Monday, September 08, 2008

A Sunday Drive

After the hike last Thursday up Mt. Si in the middle of the night, I was still exhausted by Saturday. I knew I had a weekend at home so I decided to take advantage and do some moving. I hadn't fully moved into my apartment yet and I figured this weekend was a good time to start.

I took a trip to Ikea in the morning and then headed over to storage to grab my boxes. They were a lot heavier than I remembered and as I was still so tired from Thursday, my body just wasn't having it. Still, I had gotten them to my car so I had to make it up to my apartment.

Five trips up the stairs later my arms finally gave out. I dropped one box while going up the stairs and had to push it the rest of the way to my place. This was a big blow to my ego. I pride myself on my strength and I was very much girl this weekend. I managed to get everything unpacked with many rests, and by the time evening came around I couldn't move. My friend called asking if I wanted to go have drinks and I could barely muster a "No...must....sleep".

Needless to say the next day I was still tired, but I've had this massive craving to go to Mt. Rainer and the weather was supposed to be beautiful. Who knows how long this will last, so I decided to take the opportunity to head up there. There was no way in heck I was hiking, so I asked Casey if he would like to take a drive.

We headed out early and took the road up through Enumclaw, past the dreaded White River Amphitheater, to highway 410 and continued up to Sunrise. It was interesting taking city Casey through the farms of where I grew up. I consider myself city Stacy now, and I was feeling a little Sweet Home Alabama'ish going back through these old haunts.

We finally reached the look out at Sunrise, but the parking lot was expectedly very full. I knew the road continued up, so we passed the massive amounts of out of state tourists and continued up. Finally the mountain opened up before us along with gigantic meadows. A good a place as any to pull over.

It's late in the season and most of the flowers are gone or dying. The fall colors are in abundance and I was able to grab some of them in the above shot. It seemed as though these purple daisies are either really resilient or late bloomers because all the white ones were pretty much gone but I saw these purple ones everywhere. I did some research and found out these are fall blooming asters.

One of the main reasons I wanted to go to Mt. Rainer was for the bear grass. I have been wanting to get a picture of it all season, but we haven't really hiked high enough to be able to see some. Of course, by now it's dying but I was still able to find a nice little clump.

We did end up walking a little bit down a trail through a meadow to where we came across a group of people who had just finished a yoga session. I was a little disappointed that we hadn't stumbled upon them while they were still in practice, and they offered to pose for me but I was a little shy I guess and declined. We walked a little further on and up on a ridge to where the entire mountain opened up to us. I struggled not to say my patented phrase, but it was hard and it still escaped my lips.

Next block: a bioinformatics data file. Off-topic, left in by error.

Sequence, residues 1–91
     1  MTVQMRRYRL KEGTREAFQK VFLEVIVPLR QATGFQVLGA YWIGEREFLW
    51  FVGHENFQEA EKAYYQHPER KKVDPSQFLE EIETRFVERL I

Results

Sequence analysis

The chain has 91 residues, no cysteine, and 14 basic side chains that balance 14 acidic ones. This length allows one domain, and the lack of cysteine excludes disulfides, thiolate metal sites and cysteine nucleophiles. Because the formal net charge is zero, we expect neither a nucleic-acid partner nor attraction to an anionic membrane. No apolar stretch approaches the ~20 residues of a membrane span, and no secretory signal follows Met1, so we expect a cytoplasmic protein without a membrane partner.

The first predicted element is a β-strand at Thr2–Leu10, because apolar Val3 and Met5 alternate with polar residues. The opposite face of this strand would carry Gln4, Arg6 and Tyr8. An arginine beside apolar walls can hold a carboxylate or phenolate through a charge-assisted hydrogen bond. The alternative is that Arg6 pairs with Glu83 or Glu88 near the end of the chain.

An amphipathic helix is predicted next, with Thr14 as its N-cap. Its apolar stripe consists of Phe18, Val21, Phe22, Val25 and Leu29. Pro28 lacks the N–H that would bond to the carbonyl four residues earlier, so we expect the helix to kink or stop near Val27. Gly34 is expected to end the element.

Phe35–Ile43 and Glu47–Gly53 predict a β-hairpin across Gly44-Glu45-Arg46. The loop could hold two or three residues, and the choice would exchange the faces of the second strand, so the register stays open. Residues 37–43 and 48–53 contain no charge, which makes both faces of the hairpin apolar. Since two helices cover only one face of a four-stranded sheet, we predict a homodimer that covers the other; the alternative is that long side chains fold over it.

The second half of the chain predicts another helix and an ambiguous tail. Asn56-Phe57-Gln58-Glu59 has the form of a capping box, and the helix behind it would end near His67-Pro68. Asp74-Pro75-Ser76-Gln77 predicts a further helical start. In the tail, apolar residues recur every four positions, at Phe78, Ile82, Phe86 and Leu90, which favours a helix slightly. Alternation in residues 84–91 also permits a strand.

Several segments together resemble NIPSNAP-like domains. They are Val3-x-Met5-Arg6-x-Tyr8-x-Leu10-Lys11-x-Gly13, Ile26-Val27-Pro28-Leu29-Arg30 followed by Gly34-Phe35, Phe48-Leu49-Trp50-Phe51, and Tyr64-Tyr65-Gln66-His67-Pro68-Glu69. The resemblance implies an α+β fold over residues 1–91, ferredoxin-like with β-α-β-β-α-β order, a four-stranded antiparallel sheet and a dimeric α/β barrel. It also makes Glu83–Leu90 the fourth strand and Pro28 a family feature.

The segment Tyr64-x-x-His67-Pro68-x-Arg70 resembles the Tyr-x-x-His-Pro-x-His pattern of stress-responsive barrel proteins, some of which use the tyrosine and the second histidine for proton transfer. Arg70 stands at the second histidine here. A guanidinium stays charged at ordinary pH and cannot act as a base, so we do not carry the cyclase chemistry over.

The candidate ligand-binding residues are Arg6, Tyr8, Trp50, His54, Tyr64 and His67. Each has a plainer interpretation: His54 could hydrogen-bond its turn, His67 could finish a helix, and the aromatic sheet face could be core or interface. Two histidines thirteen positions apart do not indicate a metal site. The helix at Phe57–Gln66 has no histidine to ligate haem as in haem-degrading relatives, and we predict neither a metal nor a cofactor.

I'm adding the above shot only to give you our perspective. When I got home I realized that every single shot I had taken had massive amounts of lens flare. I was shooting into the sun, I really had no choice, and the light had caught the inside of my filters and cast a glow on each of my shots. Most of my pictures I had to crop in pretty tight and seeing as I had tried to compose on site, it didn't leave much room for cropping.

Another shot, more flare. And no, my lens was not dirty. Any shot away from the mountain was fine. Argh.

This view of the mountain is looking at the Inter Glacier flowing into the Inter Fork of the White River. We were given a map of the area when we entered into the park which, for the $15 we had to pay to actually access the park, was a nice little perk. There are quite a few trails listed on the map and also has the entire Wonderland Trail, which I would love to conquer one day.

If there is one thing this little outing taught me it's to take my time, look at my composure in the viewfinder, don't shoot blindly and look at my shots after I've taken them so I know what to look for in subsequent shots. I should have known these things already, but I guess I've been so amazed with the beauty around me that it was hard for me to take my eyes off it, if even to capture it on film.

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